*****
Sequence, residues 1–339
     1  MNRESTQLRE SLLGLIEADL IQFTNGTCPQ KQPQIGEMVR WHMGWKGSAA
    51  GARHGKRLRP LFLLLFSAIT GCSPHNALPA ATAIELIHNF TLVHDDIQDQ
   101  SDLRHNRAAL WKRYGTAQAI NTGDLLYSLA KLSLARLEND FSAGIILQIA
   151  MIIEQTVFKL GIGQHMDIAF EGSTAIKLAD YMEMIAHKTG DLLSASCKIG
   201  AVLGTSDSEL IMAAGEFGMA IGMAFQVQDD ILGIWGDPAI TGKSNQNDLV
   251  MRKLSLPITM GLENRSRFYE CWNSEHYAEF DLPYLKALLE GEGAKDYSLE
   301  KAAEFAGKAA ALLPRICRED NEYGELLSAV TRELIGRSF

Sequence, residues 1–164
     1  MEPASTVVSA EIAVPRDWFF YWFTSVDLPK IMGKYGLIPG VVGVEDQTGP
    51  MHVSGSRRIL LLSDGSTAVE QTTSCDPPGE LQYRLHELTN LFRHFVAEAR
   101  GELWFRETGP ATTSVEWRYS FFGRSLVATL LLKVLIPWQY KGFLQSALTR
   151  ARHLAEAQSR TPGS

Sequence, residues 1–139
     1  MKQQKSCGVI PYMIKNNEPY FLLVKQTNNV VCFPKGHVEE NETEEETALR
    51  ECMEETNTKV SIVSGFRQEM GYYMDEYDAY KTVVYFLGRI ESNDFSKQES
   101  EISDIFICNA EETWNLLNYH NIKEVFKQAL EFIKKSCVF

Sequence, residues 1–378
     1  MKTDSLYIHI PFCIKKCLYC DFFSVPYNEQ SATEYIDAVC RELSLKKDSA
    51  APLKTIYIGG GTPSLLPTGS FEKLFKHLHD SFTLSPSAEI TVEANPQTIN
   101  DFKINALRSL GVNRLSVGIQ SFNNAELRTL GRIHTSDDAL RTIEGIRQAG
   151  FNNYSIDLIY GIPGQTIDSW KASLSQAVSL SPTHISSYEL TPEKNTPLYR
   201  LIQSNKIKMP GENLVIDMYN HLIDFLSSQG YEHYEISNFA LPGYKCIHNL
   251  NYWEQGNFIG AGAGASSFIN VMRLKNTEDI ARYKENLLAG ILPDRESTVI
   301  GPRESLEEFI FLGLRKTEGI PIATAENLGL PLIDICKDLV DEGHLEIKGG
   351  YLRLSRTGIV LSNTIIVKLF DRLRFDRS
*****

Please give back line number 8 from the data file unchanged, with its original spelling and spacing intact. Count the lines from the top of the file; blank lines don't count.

   301  KAAEFAGKAA ALLPRICRED NEYGELLSAV TRELIGRSF